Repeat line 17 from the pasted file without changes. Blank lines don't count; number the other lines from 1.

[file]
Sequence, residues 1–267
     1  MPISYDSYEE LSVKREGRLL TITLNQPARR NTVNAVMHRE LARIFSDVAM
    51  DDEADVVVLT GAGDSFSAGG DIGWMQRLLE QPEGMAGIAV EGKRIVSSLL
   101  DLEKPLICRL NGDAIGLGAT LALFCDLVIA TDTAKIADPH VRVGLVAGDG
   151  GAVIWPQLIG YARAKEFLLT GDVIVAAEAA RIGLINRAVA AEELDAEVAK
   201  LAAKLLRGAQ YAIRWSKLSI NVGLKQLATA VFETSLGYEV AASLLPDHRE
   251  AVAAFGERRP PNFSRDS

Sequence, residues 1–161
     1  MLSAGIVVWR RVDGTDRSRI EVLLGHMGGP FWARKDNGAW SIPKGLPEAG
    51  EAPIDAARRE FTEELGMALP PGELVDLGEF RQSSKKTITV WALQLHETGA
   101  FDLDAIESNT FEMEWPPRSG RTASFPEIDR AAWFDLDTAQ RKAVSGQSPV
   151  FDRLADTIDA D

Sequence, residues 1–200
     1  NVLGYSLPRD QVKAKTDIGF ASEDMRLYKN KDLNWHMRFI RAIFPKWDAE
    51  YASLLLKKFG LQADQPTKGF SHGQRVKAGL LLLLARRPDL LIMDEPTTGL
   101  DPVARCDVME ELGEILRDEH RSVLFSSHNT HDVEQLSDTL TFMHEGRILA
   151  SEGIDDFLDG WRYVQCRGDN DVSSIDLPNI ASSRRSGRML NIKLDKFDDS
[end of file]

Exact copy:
   151  SEGIDDFLDG WRYVQCRGDN DVSSIDLPNI ASSRRSGRML NIKLDKFDDS